Tag Archives: Nurturing Roots

The South End Guide to Reducing our Carbon Footprint: Plant-Based Eating

by Mark Van Streefkerk


Just a few weeks ago we sweated through the hottest June temperature in Seattle’s recorded history. Heat in the triple digits can be dangerous, especially for vulnerable populations and the unhoused. The heat wave prompted the City to coordinate cooling stations — including libraries, spray parks, and beaches — as June 28 climbed to a record 108 degrees, capping a three-day stretch of triple-digit temperatures. The heatwave also affected plenty of non-human life. In Vancouver, B.C., June’s heatwave led to the deaths of 1 billion sea animals. Such staggering numbers could mean dire consequences for ocean life and interdependent ecosystems. 

The main reason for Seattle’s increasingly warming temperatures (overall, Seattle has warmed by 2 degrees since 1900) is climate change. Climate change happens when greenhouse gasses trap heat and warm the planet. According to the Environmental Protection Agency: “Human activities are responsible for almost all of the increase in greenhouse gasses in the atmosphere over the last 150 years. The largest source of greenhouse gas emissions from human activities in the United States is from burning fossil fuels for electricity, heat, and transportation.” 

A carbon footprint is a calculation of how much greenhouse gasses a person, or population, generates. You can calculate your own carbon footprint at The Nature Conservancy. (It’s super-interesting!) Scientists have been sounding the alarm on climate change for decades, and although there is much to be done on a global scale to change the course of the climate crisis, the decisions we make in our everyday lives are some things we do have control over. 

The Emerald is exploring changes that South End residents can make to reduce our carbon footprint in a new series of articles. In this first installment, we’re looking at how eating low on the food chain is not only more sustainable for the planet, it also plays an important part in the health of our communities and food-justice movements. 

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Photo Essay: For Community Organization ‘Got Green,’ Earth Day is Every Day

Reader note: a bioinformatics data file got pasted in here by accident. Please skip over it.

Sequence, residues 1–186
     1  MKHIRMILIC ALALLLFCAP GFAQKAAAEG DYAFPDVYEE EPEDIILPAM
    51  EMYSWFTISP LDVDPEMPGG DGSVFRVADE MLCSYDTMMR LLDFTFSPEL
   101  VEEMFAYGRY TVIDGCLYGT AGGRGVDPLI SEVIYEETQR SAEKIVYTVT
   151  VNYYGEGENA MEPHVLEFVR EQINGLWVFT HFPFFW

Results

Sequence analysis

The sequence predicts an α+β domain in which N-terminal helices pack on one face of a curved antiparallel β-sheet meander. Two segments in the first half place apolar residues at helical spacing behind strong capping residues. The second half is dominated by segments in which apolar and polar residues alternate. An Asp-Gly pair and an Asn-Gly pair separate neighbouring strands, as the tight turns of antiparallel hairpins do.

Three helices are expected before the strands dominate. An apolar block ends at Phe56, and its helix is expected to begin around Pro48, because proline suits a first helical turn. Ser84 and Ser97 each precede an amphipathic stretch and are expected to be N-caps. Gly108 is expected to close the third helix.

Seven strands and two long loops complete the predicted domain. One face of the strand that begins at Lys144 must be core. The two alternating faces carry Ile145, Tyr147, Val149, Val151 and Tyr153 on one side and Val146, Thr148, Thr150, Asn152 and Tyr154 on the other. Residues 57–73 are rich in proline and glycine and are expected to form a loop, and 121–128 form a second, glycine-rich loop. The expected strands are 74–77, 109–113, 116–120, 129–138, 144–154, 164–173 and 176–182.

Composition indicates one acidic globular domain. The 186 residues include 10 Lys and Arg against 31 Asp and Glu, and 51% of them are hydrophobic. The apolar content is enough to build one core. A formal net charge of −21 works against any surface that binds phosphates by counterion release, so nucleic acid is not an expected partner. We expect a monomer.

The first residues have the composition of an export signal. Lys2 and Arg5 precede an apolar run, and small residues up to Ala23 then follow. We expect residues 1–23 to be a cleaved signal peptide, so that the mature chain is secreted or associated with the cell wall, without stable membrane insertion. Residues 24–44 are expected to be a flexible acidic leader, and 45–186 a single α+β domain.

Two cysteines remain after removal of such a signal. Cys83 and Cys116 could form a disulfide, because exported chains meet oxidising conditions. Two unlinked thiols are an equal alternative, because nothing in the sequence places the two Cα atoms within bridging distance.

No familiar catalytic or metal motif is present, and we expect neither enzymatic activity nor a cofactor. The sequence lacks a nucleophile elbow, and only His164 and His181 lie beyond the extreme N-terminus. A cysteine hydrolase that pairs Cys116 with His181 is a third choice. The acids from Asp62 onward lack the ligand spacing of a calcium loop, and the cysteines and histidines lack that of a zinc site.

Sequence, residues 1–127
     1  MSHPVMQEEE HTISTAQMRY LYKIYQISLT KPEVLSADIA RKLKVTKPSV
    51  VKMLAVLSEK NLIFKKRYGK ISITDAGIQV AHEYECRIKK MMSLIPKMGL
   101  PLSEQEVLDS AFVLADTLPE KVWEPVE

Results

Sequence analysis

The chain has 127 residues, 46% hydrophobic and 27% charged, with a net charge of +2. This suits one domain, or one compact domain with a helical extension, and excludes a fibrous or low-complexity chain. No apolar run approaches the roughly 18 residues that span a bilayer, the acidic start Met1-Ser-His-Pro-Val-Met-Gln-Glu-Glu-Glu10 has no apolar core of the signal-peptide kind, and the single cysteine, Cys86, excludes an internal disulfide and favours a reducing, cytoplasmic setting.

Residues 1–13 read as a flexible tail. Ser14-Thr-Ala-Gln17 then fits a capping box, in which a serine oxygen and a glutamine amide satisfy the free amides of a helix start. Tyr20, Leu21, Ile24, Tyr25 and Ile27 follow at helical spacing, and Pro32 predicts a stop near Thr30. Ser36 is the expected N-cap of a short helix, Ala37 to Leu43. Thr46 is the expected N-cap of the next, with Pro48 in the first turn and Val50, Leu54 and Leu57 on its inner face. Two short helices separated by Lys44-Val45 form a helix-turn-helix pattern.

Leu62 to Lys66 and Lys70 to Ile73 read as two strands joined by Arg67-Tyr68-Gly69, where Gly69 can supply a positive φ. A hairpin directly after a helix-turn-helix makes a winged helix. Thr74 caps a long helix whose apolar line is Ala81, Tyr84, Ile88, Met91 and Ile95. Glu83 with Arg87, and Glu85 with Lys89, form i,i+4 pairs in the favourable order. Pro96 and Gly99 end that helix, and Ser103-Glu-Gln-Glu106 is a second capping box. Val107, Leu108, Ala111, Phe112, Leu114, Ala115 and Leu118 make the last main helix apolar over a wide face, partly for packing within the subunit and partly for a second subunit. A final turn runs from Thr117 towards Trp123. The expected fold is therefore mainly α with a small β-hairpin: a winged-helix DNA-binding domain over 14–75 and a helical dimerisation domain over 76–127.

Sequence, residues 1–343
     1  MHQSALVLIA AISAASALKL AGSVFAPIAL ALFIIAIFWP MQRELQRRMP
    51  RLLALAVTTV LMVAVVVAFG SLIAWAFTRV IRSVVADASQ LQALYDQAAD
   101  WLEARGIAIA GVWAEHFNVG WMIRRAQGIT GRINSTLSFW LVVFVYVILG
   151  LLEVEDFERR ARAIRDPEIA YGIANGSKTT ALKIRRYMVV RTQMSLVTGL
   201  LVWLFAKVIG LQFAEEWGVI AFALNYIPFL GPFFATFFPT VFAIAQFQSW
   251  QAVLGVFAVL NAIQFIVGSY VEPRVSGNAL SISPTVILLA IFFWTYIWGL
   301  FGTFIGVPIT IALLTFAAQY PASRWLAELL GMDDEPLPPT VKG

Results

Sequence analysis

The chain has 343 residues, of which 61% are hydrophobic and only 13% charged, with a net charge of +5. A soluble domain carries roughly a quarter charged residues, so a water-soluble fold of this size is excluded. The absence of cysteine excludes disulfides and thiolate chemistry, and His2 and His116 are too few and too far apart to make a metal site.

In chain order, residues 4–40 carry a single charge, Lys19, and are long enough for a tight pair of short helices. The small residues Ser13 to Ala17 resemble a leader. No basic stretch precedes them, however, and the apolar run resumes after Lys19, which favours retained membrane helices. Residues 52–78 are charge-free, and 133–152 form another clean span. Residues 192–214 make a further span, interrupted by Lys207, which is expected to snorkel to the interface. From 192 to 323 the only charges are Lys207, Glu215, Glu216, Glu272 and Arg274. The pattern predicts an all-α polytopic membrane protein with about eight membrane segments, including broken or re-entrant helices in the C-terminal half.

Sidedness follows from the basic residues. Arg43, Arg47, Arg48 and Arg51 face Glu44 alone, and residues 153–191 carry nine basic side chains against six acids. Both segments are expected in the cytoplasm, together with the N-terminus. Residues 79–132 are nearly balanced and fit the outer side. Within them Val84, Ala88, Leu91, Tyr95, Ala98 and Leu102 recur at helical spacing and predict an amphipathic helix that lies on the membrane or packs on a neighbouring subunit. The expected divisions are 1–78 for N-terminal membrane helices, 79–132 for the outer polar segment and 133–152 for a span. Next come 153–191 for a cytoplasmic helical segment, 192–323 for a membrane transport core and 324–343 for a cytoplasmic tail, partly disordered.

by Susan Fried


It was a perfect day to celebrate Earth Day on Thursday April 22, and Got Green, an organization that has been fighting for climate justice in its own unique way since its inception in 2008, celebrated by organizing a full day of events. The day included a garden work party with Nurturing Roots, canvassing Beacon Hill and Rainier Beach, holding a virtual event with WA BLOC for 300 Rainier Beach High School Students, and having a community dialogue with Got Green and the Duwamish River Clean-up Coalition.

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Red Barn Ranch Gets One Step Closer to Potential Black Ownership

by Jack Russillo


Southeast of Seattle, in unincorporated King County near Auburn, sits a nearly 39-acre parcel of wild land and outbuildings. Currently called the Red Barn Ranch and owned by Seattle Parks and Recreation (SPR), the property has been everything from a summer camp to a conference center to a farming education program. For the last three years, though, it’s sat empty. To some Black leaders in Seattle, this property could be exactly what the community needs to move toward an equitable model for Black-led land ownership that helps the Black community thrive. 

Several community voices have been lobbying since the summer of 2020 for the City of Seattle to transfer the Red Barn Ranch property to Black ownership. Who the land is sold to is ultimately up to SPR, but a leading candidate to take on the task of stewarding the land is Nurturing Roots, an urban farm located in Beacon Hill. 

“People have asked me if I wanted to own it, but no, I want it to be all of ours,” said Nyema Clark, the founder and director of Nurturing Roots, during an interview with the Emerald in October. “All of us should have a share, and that share should never be able to be sold. You could pass it down to other generations, but you couldn’t make money off of it. We want to make a legitimate model that lasts.”

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Community Rallies Behind Farm Stand Hit by Four Consecutive Arsons

by Ben Adlin


When Kevin Nguyen’s independent produce stand in South Seattle was set ablaze last week, his first reaction was to close up shop and leave the city. It was the fourth time in the past month that a fire was intentionally set on the property — part of a recent string of arsons around Rainier Avenue South — and Nguyen’s patience was wearing thin.

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